I-1c gene therapy: Not such a good idea in heart failure?

Several lines of evidence, including the observation that the protein I-1 is downregulated in human failing hearts, have led to the suggestion that gene therapy to express a constitutively active form of the protein (I-1c) might provide a new approach to treating heart failure.

However, Ali El-Armouche, Thomas Eschenhagen, and colleagues, at University Medical Center Hamburg-Eppendorf, Germany, have now generated data in mice indicating that I-1c might have deleterious effects on the heart under certain circumstances, leading them to suggest that the benefit/risk ratio of I-1c gene therapy should be reevaluated.

In the study, I-1-deficient mice were engineered to express I-1c in (dTGI-1c mice). The hearts of young, resting dTGI-1c mice showed enhanced contractile function. However, when the mice were infused with catecholamine, a hormone released by the body in response to stress, they developed abnormal heartbeats and were susceptible to sudden death.

Furthermore, the hearts of aged dTGI-1c mice were found to spontaneously develop the characteristic features of . As heart failure tends to be a disease of the elderly, the authors suggest that their data need to be considered by those developing I-1c for the treatment of heart failure.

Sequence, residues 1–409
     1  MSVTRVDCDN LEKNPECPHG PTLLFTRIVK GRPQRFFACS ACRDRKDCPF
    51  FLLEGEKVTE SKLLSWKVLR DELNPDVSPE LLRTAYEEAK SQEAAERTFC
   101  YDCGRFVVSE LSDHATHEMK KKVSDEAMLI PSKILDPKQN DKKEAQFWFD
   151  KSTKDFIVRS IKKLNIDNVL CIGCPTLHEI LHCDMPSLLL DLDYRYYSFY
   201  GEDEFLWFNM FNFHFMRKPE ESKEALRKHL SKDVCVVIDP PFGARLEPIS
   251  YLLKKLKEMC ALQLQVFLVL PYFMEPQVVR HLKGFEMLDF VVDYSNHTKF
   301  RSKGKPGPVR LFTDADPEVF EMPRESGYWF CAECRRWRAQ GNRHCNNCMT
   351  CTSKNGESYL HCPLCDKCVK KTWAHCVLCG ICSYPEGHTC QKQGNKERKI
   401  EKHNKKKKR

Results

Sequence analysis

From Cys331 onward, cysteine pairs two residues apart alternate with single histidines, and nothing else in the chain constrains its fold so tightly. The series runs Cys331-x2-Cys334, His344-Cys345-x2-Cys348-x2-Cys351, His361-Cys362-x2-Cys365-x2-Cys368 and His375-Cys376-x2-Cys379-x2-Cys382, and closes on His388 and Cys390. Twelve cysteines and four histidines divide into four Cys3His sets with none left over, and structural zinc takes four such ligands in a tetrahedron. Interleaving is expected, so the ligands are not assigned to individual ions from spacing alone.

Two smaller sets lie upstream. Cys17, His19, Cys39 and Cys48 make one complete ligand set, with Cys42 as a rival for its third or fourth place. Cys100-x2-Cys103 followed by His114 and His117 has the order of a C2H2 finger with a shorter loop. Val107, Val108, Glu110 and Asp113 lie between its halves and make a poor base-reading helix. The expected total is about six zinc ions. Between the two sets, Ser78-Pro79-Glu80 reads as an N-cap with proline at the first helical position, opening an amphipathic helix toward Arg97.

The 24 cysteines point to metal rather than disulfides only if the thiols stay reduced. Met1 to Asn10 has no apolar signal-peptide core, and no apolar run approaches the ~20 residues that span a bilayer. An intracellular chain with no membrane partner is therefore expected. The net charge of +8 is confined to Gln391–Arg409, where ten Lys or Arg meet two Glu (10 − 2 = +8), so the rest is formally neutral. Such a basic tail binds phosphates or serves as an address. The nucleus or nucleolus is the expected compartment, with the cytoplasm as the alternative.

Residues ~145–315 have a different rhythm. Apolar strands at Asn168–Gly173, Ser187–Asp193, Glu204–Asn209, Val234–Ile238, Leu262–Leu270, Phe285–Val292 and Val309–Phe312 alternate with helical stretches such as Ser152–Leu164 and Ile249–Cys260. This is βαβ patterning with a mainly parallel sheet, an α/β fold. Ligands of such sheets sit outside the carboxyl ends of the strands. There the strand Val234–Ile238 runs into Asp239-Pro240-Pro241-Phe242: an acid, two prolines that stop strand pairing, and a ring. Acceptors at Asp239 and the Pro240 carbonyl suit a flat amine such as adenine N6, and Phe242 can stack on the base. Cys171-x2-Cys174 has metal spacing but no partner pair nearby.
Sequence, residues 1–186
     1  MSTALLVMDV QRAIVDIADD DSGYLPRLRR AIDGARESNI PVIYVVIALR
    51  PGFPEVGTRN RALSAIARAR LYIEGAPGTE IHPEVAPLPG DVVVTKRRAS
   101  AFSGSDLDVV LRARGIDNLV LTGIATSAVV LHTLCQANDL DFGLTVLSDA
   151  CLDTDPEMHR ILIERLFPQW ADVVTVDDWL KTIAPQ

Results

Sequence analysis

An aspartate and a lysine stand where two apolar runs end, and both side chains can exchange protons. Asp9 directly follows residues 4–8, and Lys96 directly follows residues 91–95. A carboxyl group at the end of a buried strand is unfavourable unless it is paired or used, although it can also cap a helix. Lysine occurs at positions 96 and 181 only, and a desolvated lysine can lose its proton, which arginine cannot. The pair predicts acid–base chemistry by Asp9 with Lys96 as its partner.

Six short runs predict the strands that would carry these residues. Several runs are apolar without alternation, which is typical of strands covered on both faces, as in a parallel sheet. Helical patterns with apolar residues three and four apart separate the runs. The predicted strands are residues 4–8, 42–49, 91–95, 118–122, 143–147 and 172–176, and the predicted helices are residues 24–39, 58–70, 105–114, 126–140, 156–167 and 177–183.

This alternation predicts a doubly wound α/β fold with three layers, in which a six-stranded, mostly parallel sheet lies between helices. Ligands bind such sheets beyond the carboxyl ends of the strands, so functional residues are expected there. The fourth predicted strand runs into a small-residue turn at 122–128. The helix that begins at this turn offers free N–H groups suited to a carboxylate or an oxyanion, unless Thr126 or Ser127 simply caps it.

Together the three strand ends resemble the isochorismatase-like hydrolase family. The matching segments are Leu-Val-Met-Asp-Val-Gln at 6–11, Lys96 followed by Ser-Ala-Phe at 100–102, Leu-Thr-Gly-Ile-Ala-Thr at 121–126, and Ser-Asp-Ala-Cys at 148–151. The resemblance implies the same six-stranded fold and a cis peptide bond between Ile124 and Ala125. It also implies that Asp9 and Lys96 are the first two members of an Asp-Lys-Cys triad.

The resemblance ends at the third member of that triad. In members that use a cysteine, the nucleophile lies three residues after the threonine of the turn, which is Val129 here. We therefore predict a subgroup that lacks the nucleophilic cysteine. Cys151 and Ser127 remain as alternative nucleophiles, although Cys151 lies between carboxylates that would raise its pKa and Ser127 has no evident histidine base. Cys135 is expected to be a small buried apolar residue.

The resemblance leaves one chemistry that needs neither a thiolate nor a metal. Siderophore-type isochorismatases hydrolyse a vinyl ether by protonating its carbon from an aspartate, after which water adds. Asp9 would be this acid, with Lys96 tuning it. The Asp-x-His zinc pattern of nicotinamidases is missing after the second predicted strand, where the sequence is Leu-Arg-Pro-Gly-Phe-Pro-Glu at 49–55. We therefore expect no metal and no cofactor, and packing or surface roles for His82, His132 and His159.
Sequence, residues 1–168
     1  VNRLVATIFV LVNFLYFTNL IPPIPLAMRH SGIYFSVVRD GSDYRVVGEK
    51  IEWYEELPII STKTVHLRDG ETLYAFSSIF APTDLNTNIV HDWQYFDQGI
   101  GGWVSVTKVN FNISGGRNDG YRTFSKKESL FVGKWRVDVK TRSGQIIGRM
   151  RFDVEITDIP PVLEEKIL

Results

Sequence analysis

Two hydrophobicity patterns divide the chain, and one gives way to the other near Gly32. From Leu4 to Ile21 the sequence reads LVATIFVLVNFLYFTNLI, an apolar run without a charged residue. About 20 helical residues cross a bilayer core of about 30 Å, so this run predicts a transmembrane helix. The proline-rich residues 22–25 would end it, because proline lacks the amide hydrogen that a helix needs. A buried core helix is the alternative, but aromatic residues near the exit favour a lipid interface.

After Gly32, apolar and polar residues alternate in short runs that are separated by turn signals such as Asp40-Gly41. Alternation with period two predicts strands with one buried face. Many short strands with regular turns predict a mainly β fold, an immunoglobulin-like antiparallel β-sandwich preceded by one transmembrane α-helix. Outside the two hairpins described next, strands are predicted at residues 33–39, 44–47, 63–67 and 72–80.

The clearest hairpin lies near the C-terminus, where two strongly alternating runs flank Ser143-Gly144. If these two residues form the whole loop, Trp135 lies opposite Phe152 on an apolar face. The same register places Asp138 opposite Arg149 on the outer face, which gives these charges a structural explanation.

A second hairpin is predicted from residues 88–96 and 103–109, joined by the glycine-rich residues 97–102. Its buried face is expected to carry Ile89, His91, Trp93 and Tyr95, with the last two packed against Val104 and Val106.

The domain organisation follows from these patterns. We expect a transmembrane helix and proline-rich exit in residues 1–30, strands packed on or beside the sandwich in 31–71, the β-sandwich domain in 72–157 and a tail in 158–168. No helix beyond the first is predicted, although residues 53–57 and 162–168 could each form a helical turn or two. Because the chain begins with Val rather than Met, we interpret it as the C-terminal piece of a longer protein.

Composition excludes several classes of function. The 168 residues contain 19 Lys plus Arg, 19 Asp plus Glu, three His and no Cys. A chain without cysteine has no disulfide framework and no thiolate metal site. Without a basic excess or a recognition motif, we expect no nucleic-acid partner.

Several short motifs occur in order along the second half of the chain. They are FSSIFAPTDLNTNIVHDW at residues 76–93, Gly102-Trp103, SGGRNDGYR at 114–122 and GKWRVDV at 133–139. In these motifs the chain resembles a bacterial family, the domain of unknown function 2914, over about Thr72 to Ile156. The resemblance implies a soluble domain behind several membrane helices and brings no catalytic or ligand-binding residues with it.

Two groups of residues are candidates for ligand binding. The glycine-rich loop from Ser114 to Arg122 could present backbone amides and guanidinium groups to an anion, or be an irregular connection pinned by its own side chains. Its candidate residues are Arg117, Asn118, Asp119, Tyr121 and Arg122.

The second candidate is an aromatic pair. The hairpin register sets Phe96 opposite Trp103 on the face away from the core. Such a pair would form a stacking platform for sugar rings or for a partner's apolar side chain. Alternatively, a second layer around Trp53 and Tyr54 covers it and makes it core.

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More information: Constitutively active phosphatase inhibitor-1 improves cardiac contractility in young mice but is deleterious after catecholaminergic stress and with aging. View this article at: www.jci.org/articles/view/4054 … 6aaaec79fcaa30d87e28
Provided by Journal of Clinical Investigation
Citation: I-1c gene therapy: Not such a good idea in heart failure? (2010, January 12) retrieved 14 November 2019 from https://medicalxpress.com/news/2010-01-i-1c-gene-therapy-good-idea.html
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